In Senegal, the Covid-19.gouv.sn platform set up by the State Information Technology Agency (ADIE), provides reliable information on Covid-19, practical advice and awareness videos, and statistics on the spread of the virus via an interactive dashboard showing data for each locality. Individuals can also report a case of infection via the covid19.gouv.sn platform. Additionally, a “Doctor covid chatbot” accessible on Whatsapp allows dynamic interactions with integrated voice in French and Wolof.
Further, social media platforms have not only served as moderators of content on the virus but also as conduits of information from their users, including those with malicious intent. However, Facebook has indicated that due to its staff working from home, it is currently relying more on automated tools, rather than individuals, to identify problematic content. As a result, mistakes could be made and it may take longer to take down harmful content.
The front line against misinformation online has also shifted to legislative means which have been received with concern. Upon declaring Covid-19 a national disaster, South Africa passed regulations criminalising the spread of false news on the virus, punishable by up to six months imprisonment, a fine, or both.
In Kenya, the health minister said misinformation was jeopardising the government’s efforts to fight Covid-19 and warned that authorities would arrest those spreading false information. Kenya’s cyber crimes law has since been used to prosecute two individuals for spreading false information. Well-known blogger Robert Alai was charged over claims that two individuals had died in the coastal city of Mombasa; while another individual was arrested for claiming the government was lying about the first coronavirus case in Kenya.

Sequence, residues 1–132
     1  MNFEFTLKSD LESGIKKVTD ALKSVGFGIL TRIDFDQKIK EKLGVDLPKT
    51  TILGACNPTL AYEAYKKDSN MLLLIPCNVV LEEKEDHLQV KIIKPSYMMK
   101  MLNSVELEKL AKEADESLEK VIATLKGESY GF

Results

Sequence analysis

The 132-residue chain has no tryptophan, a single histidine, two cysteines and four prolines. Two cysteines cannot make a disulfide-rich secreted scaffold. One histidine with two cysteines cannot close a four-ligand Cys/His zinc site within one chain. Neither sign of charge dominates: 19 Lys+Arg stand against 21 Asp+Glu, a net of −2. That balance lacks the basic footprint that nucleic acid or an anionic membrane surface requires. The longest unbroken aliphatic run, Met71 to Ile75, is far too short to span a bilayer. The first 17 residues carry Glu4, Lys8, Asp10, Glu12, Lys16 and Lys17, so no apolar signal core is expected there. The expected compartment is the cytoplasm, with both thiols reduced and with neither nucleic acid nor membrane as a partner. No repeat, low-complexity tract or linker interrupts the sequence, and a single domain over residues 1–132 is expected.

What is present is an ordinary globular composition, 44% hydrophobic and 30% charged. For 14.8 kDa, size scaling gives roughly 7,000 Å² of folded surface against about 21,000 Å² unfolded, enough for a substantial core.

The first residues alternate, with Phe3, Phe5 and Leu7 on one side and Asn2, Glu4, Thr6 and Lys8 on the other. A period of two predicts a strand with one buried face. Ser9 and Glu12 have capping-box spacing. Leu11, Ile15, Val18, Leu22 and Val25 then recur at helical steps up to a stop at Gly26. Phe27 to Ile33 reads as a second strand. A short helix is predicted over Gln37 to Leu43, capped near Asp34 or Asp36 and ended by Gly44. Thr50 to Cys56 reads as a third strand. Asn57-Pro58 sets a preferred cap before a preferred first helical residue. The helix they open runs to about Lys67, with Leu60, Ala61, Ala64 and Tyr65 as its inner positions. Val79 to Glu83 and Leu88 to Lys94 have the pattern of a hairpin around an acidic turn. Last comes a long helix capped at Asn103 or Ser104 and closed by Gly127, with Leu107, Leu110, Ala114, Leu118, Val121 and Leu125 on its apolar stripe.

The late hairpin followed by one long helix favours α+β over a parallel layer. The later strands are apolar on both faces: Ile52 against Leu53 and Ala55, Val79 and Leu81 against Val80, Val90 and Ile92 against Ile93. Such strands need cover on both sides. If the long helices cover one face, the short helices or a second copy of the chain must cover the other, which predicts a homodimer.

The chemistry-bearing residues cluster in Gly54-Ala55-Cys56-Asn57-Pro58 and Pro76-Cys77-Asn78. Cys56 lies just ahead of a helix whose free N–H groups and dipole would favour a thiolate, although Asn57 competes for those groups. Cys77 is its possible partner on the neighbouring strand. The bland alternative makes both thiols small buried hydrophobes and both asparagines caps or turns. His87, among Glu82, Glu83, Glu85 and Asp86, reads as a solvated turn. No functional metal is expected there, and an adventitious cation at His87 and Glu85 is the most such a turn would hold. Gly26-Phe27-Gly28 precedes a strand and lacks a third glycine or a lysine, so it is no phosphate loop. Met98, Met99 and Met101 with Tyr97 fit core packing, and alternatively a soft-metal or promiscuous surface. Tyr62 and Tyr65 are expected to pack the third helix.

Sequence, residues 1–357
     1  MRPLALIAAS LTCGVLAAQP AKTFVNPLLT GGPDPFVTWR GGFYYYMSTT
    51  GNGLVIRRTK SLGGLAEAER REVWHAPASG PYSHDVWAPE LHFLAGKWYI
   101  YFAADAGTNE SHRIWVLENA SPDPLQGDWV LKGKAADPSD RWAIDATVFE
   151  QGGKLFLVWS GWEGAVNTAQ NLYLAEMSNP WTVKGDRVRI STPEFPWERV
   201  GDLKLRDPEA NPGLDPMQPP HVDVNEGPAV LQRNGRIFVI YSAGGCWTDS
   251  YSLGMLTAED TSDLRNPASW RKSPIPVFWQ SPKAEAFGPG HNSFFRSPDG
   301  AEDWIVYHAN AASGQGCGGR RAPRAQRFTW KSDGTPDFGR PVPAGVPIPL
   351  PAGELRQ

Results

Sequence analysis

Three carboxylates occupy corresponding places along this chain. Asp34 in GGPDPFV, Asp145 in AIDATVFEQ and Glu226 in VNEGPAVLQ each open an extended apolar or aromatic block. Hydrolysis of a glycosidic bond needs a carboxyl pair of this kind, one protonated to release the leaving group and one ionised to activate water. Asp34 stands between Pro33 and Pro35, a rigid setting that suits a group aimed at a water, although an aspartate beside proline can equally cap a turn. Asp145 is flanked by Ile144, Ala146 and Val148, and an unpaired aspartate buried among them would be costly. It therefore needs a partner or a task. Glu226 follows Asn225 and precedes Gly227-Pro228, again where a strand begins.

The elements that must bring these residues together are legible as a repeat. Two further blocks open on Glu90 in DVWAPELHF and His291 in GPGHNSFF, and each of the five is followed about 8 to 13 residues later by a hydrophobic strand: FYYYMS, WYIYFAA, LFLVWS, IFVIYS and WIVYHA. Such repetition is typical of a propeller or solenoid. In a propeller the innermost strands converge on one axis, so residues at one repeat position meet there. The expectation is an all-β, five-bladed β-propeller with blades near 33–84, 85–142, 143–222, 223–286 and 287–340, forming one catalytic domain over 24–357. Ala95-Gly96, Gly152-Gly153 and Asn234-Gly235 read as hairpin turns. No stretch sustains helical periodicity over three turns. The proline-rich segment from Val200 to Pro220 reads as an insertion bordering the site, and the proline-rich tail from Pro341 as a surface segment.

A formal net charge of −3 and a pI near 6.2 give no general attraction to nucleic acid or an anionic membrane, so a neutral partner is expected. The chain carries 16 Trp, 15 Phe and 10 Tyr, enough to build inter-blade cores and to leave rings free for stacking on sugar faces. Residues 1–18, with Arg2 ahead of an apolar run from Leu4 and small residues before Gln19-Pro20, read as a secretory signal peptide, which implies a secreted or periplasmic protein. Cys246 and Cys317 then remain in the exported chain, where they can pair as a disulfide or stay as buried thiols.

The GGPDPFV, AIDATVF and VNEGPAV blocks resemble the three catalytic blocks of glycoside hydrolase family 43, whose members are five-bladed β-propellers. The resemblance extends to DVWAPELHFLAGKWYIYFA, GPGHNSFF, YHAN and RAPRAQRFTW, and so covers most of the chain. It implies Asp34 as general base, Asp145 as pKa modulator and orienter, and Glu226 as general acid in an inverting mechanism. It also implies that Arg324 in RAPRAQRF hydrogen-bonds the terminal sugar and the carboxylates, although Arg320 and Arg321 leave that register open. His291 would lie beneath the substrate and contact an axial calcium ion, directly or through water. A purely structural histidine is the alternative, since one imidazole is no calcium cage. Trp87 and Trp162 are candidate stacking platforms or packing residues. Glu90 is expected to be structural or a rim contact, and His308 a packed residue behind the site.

Uganda’s communications regulator issued an advisory warning against circulation of false information on Covid-19. In Guinea, Kaka Touda, an independent journalist, was arrested in early March for posting information on social media about a possible Covid-19 case at the National referral hospital.
Nonetheless, some countries have in place measures that undermine citizens’ access to digital communications, which hampers the use of ICT in fighting against the spread of the coronavirus. For instance, Ethiopia still maintains an internet blockade on the Oromia region, denying citizens access to critical information. Uganda’s social media tax of USD 0.05 per day of access is an impediment to access to information for many citizens, notably lower income groups. In most of Africa, internet access remains out of reach for many, with high taxation being a key driver of the high cost of access.
In Cameroon, MTN has committed to “ensure the availability of its network and its services, to allow Cameroonians to stay connected in these difficult times”. This is particularly crucial as Cameroon has in the past initiated two internet shutdowns in the Anglophone region of the country, which together lasted 240 days.
As the situation on the pandemic evolves, governments and telecom companies should refrain from arbitrarily shutting down the internet as a way of containing misinformation and false news, as this would violate citizens’ right to express themselves and to access information, and the resulting information void would provide fertile ground for the virus to spread. Meanwhile, taxes on access to vital platforms such as social media should be scrapped to enhance citizens’ access to information
Follow the CIPESA (@cipesaug) hashtag #InternetFreedomAfrica which has a Twitter thread on Covid-19 developments from around the continent.
#COVID19 has brought to the fore many #digitalrights gaps & concerns. It has also raised the need for these rights to be realised & respected!
📢Follow this thread which captures some #InternetFreedomAfrica developments👉🏾https://t.co/wwbxpmJ3wX📢#KeepItOn #PressFreedom #Access pic.twitter.com/C6L3wYqfJn
— CIPESA (@cipesaug) March 26, 2020